Group Project: Smudging your fingerprint

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gmaslin
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Group Project: Smudging your fingerprint

Unread post by gmaslin » 2019-05-09, 18:40

Free speech is under attack and many websites have moderation teams infiltrated with those opposed to it. One of the ways to make it harder for websites to permaban you is to make yourself less identifiable. Have a look at this website to get a idea of how identifiable you are. Using a prior version of Firefox and optimized for privacy I was able to get my completely functional browser down to a 1 in 128 computer commonality (~8 bits of identifying information). The best I've gotten with Palemoon is ~17 bits (1 in 100,000 commonality). Tell us your result here and let's use that information to formulate a strategy to help us all become more anonymous.

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Re: Group Project: Smudging your fingerprint

Unread post by Isengrim » 2019-05-09, 21:54

Assuming you mean the one on the EFF website. I honestly haven't paid too much attention to it, because the easiest way to avoid fingerprinting is to use a browser that looks like everyone else's - one of the later versions of Chrome, standard headers, not blocking too many APIs. Also they ding you for not setting the DNT header, which is nonsense.
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Re: Group Project: Smudging your fingerprint

Unread post by F22 Simpilot » 2019-05-10, 04:31

Your link links back here.
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Re: Group Project: Smudging your fingerprint

Unread post by Moonchild » 2019-05-10, 14:23

Link fixed.

By the way, I make my browser fingerprint unique ON PURPOSE and present a different unique fingerprint every time. That, IMO, is the only way to combat fingerprinting and tracking by fingerprint. Smudging won't help because the way around it is simply to come up with another variable to check that is unique. What tracking needs is a unique enough fingerprint that doesn't change otherwise. Smudging might make you briefly less identifiable because you'll be part of a slightly less unique group, and might make you feel better, but isn't actually effective. The recent common-sense documentation that trying to hide by disabling APIs being counterproductive only underlines my point that unique is good, as long as you are a different entity every time.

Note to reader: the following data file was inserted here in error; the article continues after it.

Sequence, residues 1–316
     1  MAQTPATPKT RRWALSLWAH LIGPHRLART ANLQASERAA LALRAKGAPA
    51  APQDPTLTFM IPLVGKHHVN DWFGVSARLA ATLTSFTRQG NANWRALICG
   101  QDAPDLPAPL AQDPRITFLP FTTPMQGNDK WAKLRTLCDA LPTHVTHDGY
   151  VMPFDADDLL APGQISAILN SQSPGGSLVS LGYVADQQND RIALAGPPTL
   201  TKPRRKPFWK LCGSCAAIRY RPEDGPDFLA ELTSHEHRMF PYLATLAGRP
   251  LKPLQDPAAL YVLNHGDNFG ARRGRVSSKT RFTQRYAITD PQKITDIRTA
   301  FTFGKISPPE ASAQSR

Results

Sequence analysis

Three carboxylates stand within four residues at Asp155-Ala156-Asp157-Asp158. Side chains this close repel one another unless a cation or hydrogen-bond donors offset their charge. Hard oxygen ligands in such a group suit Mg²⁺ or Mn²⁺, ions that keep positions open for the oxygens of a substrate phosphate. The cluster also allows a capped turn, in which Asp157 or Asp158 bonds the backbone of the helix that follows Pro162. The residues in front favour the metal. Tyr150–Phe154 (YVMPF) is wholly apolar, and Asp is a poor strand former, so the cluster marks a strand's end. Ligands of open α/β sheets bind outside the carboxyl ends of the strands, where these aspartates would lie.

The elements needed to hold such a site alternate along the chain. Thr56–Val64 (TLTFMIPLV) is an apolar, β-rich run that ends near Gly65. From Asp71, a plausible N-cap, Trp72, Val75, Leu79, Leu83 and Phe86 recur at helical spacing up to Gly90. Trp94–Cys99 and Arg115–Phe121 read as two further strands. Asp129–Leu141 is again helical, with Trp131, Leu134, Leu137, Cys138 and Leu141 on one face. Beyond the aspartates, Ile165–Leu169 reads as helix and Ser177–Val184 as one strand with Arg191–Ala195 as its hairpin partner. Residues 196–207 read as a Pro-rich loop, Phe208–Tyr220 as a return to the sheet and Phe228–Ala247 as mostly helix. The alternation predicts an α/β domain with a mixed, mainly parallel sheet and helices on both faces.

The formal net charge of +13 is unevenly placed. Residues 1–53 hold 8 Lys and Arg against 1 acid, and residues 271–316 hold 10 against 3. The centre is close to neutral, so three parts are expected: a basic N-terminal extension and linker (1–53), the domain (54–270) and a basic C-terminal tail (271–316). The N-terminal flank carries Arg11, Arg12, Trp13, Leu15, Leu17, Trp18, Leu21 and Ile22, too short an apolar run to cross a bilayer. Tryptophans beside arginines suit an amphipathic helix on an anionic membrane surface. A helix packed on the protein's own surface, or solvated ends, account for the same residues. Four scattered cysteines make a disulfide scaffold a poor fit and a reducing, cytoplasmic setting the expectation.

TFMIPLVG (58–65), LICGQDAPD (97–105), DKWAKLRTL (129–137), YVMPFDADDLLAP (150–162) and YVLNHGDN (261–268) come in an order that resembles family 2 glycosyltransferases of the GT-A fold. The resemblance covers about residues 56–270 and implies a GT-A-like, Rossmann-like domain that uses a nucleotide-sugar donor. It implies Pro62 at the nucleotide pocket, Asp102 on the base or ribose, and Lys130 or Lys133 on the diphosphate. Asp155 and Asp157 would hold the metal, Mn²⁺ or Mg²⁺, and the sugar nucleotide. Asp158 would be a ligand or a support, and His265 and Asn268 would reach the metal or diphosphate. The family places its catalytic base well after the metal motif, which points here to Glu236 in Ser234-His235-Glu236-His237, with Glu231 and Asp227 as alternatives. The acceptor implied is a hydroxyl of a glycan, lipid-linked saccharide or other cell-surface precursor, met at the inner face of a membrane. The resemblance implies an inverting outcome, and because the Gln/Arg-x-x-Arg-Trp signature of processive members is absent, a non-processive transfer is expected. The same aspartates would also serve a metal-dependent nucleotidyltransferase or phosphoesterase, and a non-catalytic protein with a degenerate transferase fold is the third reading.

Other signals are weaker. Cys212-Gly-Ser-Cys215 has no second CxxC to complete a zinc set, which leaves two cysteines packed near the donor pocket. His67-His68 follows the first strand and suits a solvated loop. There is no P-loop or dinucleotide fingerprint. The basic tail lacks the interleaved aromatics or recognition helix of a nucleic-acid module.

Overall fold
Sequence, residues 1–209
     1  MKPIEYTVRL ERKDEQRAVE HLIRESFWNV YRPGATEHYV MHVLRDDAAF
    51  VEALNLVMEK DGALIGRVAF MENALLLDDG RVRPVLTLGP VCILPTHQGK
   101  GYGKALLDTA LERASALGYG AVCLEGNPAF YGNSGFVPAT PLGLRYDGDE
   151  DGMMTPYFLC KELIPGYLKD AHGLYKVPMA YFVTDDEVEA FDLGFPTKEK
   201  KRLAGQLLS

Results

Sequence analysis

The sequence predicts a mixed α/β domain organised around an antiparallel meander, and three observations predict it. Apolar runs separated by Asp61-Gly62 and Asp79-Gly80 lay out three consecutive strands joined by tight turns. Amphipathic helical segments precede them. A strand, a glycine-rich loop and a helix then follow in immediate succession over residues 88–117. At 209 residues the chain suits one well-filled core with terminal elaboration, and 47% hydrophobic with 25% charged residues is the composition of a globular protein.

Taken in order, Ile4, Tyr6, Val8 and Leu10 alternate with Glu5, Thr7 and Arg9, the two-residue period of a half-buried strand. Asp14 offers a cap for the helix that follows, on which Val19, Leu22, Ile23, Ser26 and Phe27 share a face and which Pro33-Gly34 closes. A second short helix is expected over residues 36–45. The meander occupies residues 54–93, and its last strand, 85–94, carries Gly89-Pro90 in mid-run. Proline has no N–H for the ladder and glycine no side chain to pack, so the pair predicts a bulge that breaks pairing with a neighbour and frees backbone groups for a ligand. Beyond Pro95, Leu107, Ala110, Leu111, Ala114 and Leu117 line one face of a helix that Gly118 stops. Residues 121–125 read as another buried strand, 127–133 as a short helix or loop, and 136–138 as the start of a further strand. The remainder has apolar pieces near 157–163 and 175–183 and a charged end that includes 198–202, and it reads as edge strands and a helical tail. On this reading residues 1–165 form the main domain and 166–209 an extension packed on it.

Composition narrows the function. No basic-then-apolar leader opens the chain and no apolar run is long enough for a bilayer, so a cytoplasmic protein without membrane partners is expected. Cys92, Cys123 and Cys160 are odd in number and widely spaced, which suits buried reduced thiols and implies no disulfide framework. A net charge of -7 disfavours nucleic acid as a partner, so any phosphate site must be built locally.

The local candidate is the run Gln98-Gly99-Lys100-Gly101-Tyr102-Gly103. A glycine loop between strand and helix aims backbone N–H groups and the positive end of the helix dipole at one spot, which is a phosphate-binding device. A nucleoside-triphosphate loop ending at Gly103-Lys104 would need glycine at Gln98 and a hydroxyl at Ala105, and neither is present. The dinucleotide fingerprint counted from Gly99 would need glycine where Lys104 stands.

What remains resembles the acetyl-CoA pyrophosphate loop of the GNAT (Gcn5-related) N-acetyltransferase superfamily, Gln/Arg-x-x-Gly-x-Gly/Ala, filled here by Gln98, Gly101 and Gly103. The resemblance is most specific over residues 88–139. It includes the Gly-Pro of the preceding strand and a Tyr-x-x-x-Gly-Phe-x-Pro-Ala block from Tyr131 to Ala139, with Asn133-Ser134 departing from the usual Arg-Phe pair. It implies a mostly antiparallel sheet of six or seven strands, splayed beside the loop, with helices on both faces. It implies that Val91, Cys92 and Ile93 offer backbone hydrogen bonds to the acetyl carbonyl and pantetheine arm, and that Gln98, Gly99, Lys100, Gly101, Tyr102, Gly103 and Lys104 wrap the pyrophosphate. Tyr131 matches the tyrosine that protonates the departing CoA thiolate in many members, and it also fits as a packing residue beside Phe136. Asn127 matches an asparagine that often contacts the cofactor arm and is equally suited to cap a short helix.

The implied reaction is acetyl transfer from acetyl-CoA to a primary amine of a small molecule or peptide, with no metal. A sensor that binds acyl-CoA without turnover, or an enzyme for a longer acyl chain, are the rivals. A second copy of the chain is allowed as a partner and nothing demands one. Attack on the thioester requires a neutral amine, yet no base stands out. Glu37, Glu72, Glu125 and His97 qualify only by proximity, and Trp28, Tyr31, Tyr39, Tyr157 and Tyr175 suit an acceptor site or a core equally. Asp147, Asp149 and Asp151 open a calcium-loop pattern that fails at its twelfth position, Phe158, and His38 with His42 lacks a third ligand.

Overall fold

As explained before, this also hurts the trackers directly because they will get nonsensical or useless data in their databases from unique fingerprints that will never be seen again; and it will be impossible (or at least very difficult) to distinguish valid-but-fake fingerprints from valid-and-real ones.
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Re: Group Project: Smudging your fingerprint

Unread post by gmaslin » 2019-05-10, 14:35

@Moonchild
Sometimes you read posts that completely change your perspective on things. Yours was one of those. Okay, so if I understood you, the idea is to make a completely unique and identifiable browser that is constantly changing. I'm assuming this means the use of a spoofing agent or some kind of browser randomizing. What's the extension set favored by Palemoon? I tried using the Canvas extension but it cripples my browsing

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Re: Group Project: Smudging your fingerprint

Unread post by Moonchild » 2019-05-10, 14:54

You don't need to randomize much. Just a few things or maybe even just one thing which is commonly checked. Canvas hash is such a thing -- so, go into about:config and set canvas.poisondata to "true" and there you go, you're unique every time.
User agents should be left alone -- unfortunately this is used everywhere to determine browser capabilities in lieu of actual capability checking so randomizing that will break things much worse.
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Re: Group Project: Smudging your fingerprint

Unread post by gmaslin » 2019-05-10, 18:51

@Moonchild
Thanks, I set my canvas.poisondata to true and deleted my canvas extension. I'm guessing I will be vulnerable to identification within the same browser session but not when I restart my browser. Is this correct or will simply opening a new window suffice?

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Re: Group Project: Smudging your fingerprint

Unread post by Falna » 2019-05-11, 00:42

You don't even need a new window; it changes for every page reload / new tab too, if canvas is in use. You can verify that yourself at https://browserleaks.com/canvas.

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Re: Group Project: Smudging your fingerprint